Here are five things you must know for Friday, May 15:
1. -- Stock Futures Turn Lower
Stock futures turned lower Friday as investors weighed the reopening of the U.S. economy against a rise in coronavirus cases in states that have moved to end their lockdowns.
A flare-up in tensions between the U.S. and China, the world’s largest economies, also was being monitored by Wall Street. Attention also will be paid later Friday to U.S. retail sales data and consumer sentiment.
Contracts linked to the Dow Jones Industrial Average fell 75 points, futures for the S&P 500 slipped 9 points and Nasdaq futures were down 11 points.
Texas experienced its deadliest day from the coronavirus on Thursday, two weeks after the state's reopening. The state plans to announce more business reopenings on Monday.
Worries over U.S.-China tensions were renewed after President Donald Trump said he didn't want to talk to his Chinese counterpart Xi Jinping "right now." Trump has sought to blame China for the coronavirus pandemic.
Asian shares finished Friday's session mixed after China’s industrial output in April expanded for the first time in 2020, rising 3.9% and beating expectations.
Stocks in the U.S. staged a dramatic rebound Thursday to end higher as bank stocks rose and energy shares rallied after crude oil prices jumped nearly 10%.
The turnaround in equities came despite another 3 million Americans filing for unemployment benefits in the latest week and an increase in tensions between Washington and Beijing.
The Dow rose 377 points, or 1.6%, to close at 23,625; it had been down as much as 460 points during Thursday's session.
2. -- Retail Sales and Consumer Sentiment on Friday's Calendar
The economic calendar Friday includes Retail Sales for April at 8:30 a.m. ET, the Empire State Manufacturing Survey for May at 8:30 a.m., Industrial Production for April at 9:15 a.m. and Consumer Sentiment for May at 10 a.m.
3. -- FDA Investigates Accuracy of Abbott's Covid-19 Test
Shares of Abbott Laboratories ABT declined in premarket trading Friday after the Food and Drug Administration said it was investigating preliminary data that found the company's rapid test could miss covid-19 cases.
The stock fell 2.96% to $89.06.
The analysis found that Abbott’s ID Now missed at least a third of positive cases detected with a rival test and much as 48% when using the currently recommended dry nasal swabs.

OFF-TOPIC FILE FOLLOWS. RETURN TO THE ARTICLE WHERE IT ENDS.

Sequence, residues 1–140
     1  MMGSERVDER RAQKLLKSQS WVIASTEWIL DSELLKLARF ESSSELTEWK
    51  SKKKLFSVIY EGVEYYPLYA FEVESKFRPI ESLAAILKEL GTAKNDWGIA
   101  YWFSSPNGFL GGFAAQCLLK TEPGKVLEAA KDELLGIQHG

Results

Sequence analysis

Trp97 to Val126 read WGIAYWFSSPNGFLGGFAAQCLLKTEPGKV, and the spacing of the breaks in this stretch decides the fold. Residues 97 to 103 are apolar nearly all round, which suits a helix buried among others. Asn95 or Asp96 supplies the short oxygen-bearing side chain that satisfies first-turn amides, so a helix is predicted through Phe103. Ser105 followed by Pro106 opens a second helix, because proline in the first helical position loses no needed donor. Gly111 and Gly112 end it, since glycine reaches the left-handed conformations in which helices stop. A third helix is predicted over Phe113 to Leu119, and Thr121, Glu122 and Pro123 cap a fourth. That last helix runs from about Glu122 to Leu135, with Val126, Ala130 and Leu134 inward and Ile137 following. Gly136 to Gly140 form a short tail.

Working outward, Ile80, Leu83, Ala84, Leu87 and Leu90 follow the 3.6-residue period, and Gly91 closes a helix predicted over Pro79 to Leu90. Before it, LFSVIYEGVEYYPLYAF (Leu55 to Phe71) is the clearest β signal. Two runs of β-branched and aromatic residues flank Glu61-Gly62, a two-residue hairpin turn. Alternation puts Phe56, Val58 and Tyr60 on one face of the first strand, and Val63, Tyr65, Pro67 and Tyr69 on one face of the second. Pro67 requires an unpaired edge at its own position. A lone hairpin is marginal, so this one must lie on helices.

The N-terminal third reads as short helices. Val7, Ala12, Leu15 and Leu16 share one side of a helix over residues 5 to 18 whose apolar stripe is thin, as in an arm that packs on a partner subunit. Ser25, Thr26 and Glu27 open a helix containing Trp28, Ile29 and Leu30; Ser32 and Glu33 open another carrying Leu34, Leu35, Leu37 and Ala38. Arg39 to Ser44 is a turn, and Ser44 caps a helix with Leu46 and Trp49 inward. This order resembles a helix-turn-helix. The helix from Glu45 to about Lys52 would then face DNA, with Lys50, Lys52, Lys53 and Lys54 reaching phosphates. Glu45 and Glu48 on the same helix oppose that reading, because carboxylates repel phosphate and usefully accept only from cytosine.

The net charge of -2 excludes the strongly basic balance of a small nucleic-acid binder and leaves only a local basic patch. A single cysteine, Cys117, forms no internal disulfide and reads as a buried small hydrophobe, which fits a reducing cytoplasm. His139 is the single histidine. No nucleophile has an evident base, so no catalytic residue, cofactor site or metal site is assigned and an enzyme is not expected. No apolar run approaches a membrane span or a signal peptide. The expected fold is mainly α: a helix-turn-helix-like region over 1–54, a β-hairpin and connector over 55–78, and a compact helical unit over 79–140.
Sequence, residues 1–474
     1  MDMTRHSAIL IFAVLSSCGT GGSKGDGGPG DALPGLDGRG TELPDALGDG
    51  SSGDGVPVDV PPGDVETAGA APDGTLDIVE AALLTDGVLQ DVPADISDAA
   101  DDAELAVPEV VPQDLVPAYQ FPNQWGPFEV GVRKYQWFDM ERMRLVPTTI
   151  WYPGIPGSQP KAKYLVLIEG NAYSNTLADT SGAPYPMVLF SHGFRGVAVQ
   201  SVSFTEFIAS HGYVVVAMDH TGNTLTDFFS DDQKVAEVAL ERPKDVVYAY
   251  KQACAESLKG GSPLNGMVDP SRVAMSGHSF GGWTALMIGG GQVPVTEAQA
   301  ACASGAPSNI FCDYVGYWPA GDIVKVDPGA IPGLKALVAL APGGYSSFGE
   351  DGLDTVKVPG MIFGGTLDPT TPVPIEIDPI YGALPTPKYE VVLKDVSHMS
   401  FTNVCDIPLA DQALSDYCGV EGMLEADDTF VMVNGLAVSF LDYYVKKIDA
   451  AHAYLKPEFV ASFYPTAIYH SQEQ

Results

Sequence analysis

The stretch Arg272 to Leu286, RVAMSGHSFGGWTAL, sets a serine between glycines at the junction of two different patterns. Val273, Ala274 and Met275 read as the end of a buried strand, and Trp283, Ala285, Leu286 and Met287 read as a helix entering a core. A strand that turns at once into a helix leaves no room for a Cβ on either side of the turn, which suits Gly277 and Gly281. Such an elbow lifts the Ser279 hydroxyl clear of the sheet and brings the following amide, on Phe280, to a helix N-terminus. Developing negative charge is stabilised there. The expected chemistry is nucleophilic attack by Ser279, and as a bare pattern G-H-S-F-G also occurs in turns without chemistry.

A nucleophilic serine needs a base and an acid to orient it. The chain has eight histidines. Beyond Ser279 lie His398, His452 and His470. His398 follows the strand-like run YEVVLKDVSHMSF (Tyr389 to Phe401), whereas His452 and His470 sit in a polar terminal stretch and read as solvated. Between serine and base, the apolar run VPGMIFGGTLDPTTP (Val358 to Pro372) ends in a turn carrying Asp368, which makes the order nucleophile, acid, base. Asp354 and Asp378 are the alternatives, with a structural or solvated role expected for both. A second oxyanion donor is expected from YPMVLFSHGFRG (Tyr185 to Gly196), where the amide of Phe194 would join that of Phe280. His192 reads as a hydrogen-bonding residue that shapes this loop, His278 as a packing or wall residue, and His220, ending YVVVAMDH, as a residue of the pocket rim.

The test is used daily at the White House to test President Trump and other members of his staff.
Abbott rejected the findings, saying the researchers used the test “in ways that it was not designed to be used.”
The FDA warning late Thursday came a day after researchers at New York University reported the preliminary test results. The research hasn't been peer-reviewed or published in a medical journal and was based on about 100 patients, according to the Associated Press.
4. -- Taiwan Semiconductor to Build Chip Plant in Arizona
The company Friday it would spend $12 billion to build the chip factory. Construction will begin next year with production targeted for 2024, Taiwan Semiconductor said.
The project, the company said, has the support of the federal government and the state of Arizona.
The Wall Street Journal, which first reported the news, noted how the Trump administration has grown concerned about the country's heavy reliance on Taiwan, China and South Korea to produce microelectronics and other key technologies.
5. -- Nike Begins Reopening Stores Outside Asia
"We are operating in a dynamic environment which will continue to evolve," the athletic apparel maker said in a statement. "Furthermore, the full extent of the impact of the Covid-19 pandemic on Nike's operational and financial performance remains uncertain and will depend on many factors outside of Nike's control.
Nike said more than 95% of its stores in China and South Korea were open, though physical store traffic "remains below prior year levels, this is largely offset by higher conversion rates and continued strong digital demand."